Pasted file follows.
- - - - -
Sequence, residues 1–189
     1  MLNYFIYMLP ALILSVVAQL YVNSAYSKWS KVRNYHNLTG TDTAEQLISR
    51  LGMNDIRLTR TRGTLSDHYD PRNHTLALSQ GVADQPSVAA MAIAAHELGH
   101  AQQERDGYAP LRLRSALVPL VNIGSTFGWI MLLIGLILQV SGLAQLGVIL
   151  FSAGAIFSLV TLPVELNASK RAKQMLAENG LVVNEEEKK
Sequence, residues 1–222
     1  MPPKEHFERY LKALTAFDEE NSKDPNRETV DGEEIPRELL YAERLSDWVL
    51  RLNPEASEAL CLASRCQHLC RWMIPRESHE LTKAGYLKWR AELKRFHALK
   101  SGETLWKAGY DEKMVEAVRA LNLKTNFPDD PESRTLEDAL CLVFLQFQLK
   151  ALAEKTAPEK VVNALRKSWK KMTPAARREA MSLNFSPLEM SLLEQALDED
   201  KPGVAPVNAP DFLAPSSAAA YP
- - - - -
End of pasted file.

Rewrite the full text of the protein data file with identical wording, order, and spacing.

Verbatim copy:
Sequence, residues 1–189
     1  MLNYFIYMLP ALILSVVAQL YVNSAYSKWS KVRNYHNLTG TDTAEQLISR
    51  LGMNDIRLTR TRGTLSDHYD PRNHTLALSQ GVADQPSVAA MAIAAHELGH
   101  AQQERDGYAP LRLRSALVPL VNIGSTFGWI MLLIGLILQV SGLAQLGVIL
   151  FSAGAIFSLV TLPVELNASK RAKQMLAENG LVVNEEEKK
Sequence, residues 1–222
     1  MPPKEHFERY LKALTAFDEE NSKDPNRETV DGEEIPRELL YAERLSDWVL
    51  RLNPEASEAL CLASRCQHLC RWMIPRESHE LTKAGYLKWR AELKRFHALK
   101  SGETLWKAGY DEKMVEAVRA LNLKTNFPDD PESRTLEDAL CLVFLQFQLK
   151  ALAEKTAPEK VVNALRKSWK KMTPAARREA MSLNFSPLEM SLLEQALDED
   201  KPGVAPVNAP DFLAPSSAAA YP